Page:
It’s always sunny in Watopia: Confessions of a late Zwift adopter

I was dead against it.

It just seemed so unlike cycling to me. At the best of times indoor training was misery, a 20-minute FTP test or a step test, and that was what made it acceptable. It conjured a sort of cold British stoicism, a deterrent from the slightest impulse to skip a rainy Sunday morning ride in sub-zero temperatures.

Then the video game turned up. Zwift crept into the cycling world like a newcomer to a chain gang decked out in Ineos kit from head to toe. At first most were standoffish, embarrassed and unsure, but one by one my riding pals seemed to warm to this unusual intruder.

As serious racers and WorldTour pros have turned to the platform, it has begun to work its way into the landscape of cycling culture. Now it sits alongside winter bikes and spring training camps amid the cafe stop chatter.

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Admittedly, I was soured by Zwift’s predecessors. Not to name any names, but many will recall the sort of virtual reality cycling simulations that required you to buy an HDMI adapter of UNESCO-protected level rarity alongside a laptop dedicated solely to maintaining uniquely esoteric software. All for a slightly jittery Nintendo 64 tier experience, or a strikingly slow-moving tour of Google street view.

Zwift was different, everyone assured me. But I resisted.

I thought of myself like Henri Desgrange, declaring proudly, ‘Isn’t it better to triumph by the strength of your muscles than by the artifice of a derailer? We are getting soft; as for me, give me a fixed gear!’ 

I wonder what Desgrange, who rode a fixed gear on gravel tracks for 400km a day and for whom the concept of shifting gear for ease was a personal emotional insult, would make of our Dyson-cooled Spotify-accompanied indoor training sessions?

But recent events overpowered my prejudice. It wasn’t even the first lockdown that lured me, but the cold and dark winter months that contained the second Covid-19 lockdown. My dusty turbo, sitting in front of a rain-splattered patio window, seemed to leave me little alternative. In truth, staring at my Strava feed saturated with virtual rides – I also felt a tad left out.

The rest is a story many of us will know well. Riding over the initial KOM, the intermediate sprints, bridging 2m gaps simply for the satisfaction of flashing white text, I had two startling realisations. Firstly, I was absolutely exhausted and sweating buckets, and secondly – for the first time in my life I was enjoying being on the turbo.

I suppose it was the realism of Zwift that endeared me most. Granted, riding through an active volcano is a rarity, but there was something strangely real about the experience. The false summits that revealed a 10% wall ahead, the gaps to a fast group that I just couldn’t quite bridge. I swear I’ve seen an icy gust of wind catch my front wheel on the Stelvio pass in the exact same way as the punishing final 3km extension of the Epic KOM.

It reminded me of my first forays into Strava, when I’d extend my commute home by 10km on a sunny evening to take on that one segment I swore I could do 3-seconds quicker. Similarly, I found myself perplexed in recent weeks when I opted to hop on my turbo for an ‘easy’ 20km spin on Zwift at 8.45pm. And perplexed further still to discover I’m in a heap gasping for air on the living room floor 45 minutes later.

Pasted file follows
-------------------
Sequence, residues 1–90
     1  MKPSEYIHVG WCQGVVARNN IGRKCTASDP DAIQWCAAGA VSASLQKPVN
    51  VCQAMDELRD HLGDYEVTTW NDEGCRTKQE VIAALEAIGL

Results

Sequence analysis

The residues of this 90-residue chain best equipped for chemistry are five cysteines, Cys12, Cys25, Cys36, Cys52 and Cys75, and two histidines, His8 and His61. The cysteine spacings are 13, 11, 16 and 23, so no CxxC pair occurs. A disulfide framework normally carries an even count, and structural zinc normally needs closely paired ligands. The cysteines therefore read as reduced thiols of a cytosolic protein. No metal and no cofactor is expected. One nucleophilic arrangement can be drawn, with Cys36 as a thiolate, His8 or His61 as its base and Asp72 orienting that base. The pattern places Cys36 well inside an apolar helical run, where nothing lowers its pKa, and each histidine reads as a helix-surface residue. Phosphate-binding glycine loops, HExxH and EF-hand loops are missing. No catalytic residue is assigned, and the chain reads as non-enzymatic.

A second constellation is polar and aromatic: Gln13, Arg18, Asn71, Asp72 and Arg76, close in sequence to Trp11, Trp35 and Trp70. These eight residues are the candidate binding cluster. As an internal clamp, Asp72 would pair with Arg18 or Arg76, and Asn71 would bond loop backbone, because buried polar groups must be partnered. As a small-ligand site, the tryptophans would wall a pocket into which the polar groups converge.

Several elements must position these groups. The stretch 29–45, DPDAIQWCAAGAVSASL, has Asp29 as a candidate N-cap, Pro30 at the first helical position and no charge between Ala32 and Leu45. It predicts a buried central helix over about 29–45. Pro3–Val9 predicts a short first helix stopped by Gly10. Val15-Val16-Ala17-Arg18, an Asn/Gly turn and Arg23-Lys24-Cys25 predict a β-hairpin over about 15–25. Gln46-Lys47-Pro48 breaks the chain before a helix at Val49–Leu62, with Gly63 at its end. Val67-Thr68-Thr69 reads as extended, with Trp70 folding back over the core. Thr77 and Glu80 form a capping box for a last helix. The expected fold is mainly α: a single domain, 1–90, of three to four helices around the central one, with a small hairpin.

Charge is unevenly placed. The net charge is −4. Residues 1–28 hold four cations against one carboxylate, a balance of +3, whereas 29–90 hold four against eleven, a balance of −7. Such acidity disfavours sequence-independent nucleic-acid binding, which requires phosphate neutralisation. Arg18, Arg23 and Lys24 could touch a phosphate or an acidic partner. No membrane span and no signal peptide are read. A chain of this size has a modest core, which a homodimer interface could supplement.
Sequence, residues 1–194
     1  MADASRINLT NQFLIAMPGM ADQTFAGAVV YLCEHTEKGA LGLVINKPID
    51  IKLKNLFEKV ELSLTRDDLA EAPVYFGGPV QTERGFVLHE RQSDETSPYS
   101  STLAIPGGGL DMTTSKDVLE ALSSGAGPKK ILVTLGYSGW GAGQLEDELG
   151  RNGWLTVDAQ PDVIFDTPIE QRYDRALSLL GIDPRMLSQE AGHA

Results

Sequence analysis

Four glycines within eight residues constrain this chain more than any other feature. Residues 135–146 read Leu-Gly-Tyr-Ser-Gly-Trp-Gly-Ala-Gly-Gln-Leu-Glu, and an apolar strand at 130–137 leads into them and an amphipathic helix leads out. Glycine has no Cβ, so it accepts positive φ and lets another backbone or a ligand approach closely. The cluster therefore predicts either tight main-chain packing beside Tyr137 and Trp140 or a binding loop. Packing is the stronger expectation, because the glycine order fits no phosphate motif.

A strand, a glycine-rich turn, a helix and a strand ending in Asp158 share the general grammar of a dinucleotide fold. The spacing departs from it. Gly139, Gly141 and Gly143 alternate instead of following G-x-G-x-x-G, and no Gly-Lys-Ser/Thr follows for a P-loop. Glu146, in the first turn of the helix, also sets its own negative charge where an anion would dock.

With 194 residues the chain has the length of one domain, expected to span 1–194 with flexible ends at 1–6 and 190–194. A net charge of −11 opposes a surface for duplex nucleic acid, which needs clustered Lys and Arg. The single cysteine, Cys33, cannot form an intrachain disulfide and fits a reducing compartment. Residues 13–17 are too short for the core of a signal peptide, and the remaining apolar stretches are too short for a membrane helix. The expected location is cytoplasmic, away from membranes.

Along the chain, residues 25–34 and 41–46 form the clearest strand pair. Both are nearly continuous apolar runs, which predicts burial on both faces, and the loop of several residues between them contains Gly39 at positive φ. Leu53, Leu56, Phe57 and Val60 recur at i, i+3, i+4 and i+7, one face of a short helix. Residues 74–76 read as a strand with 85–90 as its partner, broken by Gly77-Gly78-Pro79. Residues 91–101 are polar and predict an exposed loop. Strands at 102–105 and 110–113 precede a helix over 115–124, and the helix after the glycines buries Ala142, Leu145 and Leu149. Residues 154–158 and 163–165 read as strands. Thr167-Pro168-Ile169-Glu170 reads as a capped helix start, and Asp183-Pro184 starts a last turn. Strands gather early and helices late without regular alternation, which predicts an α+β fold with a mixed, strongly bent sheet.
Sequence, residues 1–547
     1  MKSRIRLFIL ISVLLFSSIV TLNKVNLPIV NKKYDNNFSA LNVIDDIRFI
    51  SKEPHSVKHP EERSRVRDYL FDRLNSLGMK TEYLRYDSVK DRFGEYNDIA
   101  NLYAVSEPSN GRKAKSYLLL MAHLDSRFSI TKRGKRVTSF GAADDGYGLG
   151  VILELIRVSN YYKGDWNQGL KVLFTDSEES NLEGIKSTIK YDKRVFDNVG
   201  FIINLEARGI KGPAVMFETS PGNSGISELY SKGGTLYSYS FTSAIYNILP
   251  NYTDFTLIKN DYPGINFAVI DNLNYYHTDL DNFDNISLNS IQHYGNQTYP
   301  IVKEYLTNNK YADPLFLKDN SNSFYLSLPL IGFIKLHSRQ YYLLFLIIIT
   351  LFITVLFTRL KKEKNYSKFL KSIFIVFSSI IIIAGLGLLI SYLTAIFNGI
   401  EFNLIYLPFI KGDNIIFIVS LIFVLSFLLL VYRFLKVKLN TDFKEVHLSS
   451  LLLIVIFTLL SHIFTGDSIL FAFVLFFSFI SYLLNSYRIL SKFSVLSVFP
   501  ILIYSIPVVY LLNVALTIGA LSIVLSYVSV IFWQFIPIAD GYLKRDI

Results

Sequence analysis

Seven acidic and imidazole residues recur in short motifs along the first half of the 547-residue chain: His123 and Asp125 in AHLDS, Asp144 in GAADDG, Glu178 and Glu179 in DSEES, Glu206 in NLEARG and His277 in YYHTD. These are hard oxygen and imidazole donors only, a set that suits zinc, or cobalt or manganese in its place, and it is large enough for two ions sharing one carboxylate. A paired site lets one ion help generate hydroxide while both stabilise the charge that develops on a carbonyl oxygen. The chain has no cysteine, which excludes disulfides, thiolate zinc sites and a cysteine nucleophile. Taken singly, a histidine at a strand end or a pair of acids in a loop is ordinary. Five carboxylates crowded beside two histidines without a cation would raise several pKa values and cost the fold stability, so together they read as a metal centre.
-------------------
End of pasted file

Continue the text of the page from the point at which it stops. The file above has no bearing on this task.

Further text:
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You have to admire the psychological cues Zwift has mastered, the subtle graphics that reward hard efforts, the floating thumbs up that validate a brief cyber-friendship, the abstract comfort of moving from level 7 to level 8. True to my real world riding, there’s a spirit of exploration that seems to have captured me too. I found myself pondering the geography of the Fuego Flats or Titan’s Grove over lunch.

Milan Kundera once wrote that happiness is the longing for repetition. Perhaps that’s what makes the world of Zwift so appealing. At any time of day or year, the sunny climes of Watopia, or France, London or New York, sit waiting. The same riders sit just 2m away, beckoning you to bridge the gap. And of course those unforgivable weight dopers continue to sweep past at 4.2 watts/kg. Suddenly, the outdoors seems so unappealing – an analogue cycling experience.

Still, I can’t shake some existential fear of a world of cycling without the punishing downsides. Is a ride a real ride without that rear tyre that refuses to stop going flat, that freezing winter downpour that renders stabbing pains when you eventually warm up hours later? Even the occasional altercation with an insufferable driver seems like an organic part of the experience of being a cyclist. Cycling outdoors is innately real, and surely there’s a value to that?

You would be excused for wondering if this may be the dystopian future that philosophers have long foretold, where we give up the real world to embrace an artificial reality. Where a virtual reality training app once helped us prepare for outdoor bike races, now we train for the bike races that exist purely on virtual reality apps.

Concerned as I might be about the philosophical significance of simulacra, simulation and reality in cycling, it’s still far warmer indoors.

So, perhaps we’ve all become trapped in a rejection of reality, a world without cars or rain or flat tyres. But, I can’t help wondering what was so brilliant about reality. After all, unlike the unforgiving lanes of Surrey, it is always sunny in Watopia.

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